Every Nevada employer is responsible for making certain their employees are trained in safety procedures and covered by workers’ compensation insurance. Every business with even one employee is required to carry workers’ comp insurance and has a legal and moral responsibility to keep employees safe – even those employees they don’t realize they have.
Every industry has risks inherent in the jobs required by that industry. When it comes to construction, both commercial and residential, the risks inherent in the jobs are generally different from hazards faced on jobs in other industries.
Hazards on commercial construction jobs can include those caused by the use of heavy equipment like cranes and the metal studs used in framing commercial buildings. Developers aren’t generally responsible for the safety of construction personnel, unless they’re the prime or general contractor on the job, but the general contractor is responsible for all the people on the jobsite and for the workers brought in by subcontractors. The subs may have their own requirements that are more strict or jobsite specific, and have their own in-house rules, according to Benjamin Bojda, certified industrial hygienist, Dominion Environmental Consultants, Inc.
The oversight agency for jobsite safety is OSHA, the Occupational Health and Safety Administration, which operates both at federal and state levels.
“OSHA is the agency responsible for enforcing federal code that applies to conditions that are found at the worksite, whether it’s general industry or construction,” said Jess Lankford, chief administrative officer, Nevada OSHA. “The idea of standards is to ultimately prevent fatalities associated with their work, and to obligate the employers in recognizing hazards that may exist where they’re applying their staff to do their work, and addressing those hazards as they come to the forefront.”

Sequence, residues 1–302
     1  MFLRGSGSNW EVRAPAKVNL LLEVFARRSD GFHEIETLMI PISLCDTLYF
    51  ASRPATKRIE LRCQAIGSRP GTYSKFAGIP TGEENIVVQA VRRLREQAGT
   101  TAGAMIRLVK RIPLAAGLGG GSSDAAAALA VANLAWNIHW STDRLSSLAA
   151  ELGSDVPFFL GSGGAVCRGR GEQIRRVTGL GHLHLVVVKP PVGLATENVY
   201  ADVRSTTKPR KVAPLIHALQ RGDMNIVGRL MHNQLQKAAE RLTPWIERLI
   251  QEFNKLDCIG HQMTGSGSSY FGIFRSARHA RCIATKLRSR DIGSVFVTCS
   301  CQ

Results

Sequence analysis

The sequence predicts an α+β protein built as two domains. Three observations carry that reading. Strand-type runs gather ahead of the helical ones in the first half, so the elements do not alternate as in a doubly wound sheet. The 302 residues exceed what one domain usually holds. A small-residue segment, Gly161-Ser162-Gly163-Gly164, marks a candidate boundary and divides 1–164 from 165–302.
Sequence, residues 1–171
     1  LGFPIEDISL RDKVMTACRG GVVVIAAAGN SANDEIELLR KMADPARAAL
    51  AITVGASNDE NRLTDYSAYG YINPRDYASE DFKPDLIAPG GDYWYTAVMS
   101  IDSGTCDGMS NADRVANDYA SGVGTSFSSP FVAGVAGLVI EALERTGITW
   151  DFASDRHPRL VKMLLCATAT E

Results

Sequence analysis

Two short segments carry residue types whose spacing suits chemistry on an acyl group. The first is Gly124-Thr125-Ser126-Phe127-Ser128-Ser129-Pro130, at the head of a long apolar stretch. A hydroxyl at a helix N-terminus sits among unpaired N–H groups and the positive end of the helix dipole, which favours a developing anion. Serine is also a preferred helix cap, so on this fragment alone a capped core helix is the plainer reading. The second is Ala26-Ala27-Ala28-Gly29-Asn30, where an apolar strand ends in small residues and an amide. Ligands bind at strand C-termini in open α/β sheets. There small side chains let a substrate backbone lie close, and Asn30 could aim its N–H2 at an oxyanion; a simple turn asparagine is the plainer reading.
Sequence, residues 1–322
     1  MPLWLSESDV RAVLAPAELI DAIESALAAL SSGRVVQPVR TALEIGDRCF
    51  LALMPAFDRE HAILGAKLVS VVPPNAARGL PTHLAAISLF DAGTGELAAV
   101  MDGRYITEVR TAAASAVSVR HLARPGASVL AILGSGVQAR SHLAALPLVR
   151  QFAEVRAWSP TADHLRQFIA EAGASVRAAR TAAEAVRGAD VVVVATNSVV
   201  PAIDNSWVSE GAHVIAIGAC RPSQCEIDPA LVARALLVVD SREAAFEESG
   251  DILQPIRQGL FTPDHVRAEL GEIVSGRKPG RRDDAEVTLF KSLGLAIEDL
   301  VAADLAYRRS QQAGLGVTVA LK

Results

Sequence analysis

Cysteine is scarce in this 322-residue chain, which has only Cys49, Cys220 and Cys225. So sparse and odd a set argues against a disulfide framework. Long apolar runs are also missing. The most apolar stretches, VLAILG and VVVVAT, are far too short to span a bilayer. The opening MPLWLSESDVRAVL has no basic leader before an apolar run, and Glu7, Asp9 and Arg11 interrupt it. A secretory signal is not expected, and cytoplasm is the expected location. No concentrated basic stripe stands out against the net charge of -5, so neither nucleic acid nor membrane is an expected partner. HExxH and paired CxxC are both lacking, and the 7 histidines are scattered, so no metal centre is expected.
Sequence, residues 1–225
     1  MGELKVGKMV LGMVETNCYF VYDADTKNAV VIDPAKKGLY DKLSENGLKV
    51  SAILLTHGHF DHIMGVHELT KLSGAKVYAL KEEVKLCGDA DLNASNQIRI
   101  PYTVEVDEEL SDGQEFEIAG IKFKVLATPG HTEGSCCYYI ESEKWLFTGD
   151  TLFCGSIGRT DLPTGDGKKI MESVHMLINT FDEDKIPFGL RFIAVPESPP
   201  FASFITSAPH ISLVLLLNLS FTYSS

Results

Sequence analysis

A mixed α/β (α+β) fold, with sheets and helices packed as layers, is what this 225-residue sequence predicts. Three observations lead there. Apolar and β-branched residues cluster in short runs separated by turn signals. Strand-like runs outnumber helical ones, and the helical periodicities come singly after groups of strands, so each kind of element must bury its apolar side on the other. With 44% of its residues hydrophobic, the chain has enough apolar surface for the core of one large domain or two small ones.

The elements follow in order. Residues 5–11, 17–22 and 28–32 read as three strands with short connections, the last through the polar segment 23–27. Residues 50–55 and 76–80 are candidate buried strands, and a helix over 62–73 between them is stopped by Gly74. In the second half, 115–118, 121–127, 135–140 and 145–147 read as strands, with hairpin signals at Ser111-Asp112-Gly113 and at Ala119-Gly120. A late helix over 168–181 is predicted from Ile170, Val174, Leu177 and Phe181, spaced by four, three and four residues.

OSHA allows states to create their own safety plans and Nevada is one of the states that has done so by submitting its plan to federal OSHA for approval. State plans can be more strict than federal, but not weaker.
Nevada’s plan is more strict, and covers state-specific requirements for plans concerning handling explosives, process safety for handling ammonium percolate used in explosives, record keeping and OSHA 10 and 30 training, which is a state-specific requirement.
“In general industry, there’s not really any requirement [for employees to take OSHA 10 training], except it is now required for anyone in the film industry or performing film production, like for casinos,” said Virginia Toalepai, CEO, Worldwide Safety.
There is a requirement that a business with more than 10 employees have a written safety plan and those with more than 25 on a specific jobsite have a safety committee established. Subcontractors need to have a designated employee attend those meetings.
The general contractor on a construction site who runs the project and hires the subcontractors is responsible for anything that happens on the site. They’re responsible for making certain everyone onsite is compliant with OSHA requirements, such as forming safety programs, ensuring employees wear the correct personal protective equipment for the type of work they’re to perform, and that there are established fire prevention programs and evacuation plans.
OSHA oversees Nevada’s commercial construction industry, but doesn’t issue certifications.
“There’s not specific certifications for general contractors, but there are training requirements,” said Bojda. “In Nevada, we are one of the few states that have stricter training requirements than the federal government. What that requires is that all workers have OSHA 10 training, and anyone who supervises workers needs to have OSHA 30.”
Those training programs run the number of hours indicated by their name, a two-day course for employees and a five-day course for supervisors. For specific hazards, such as working with asbestos or lead, or working with scaffolding or around crystalline silica, there is a requirement that there be a competent person onsite, someone who has been trained to work with those hazards, Bojda said. According to OSHA, a competent person is one who is capable of identifying existing and predictable hazards on a jobsite, and has authorization to take steps to correct them.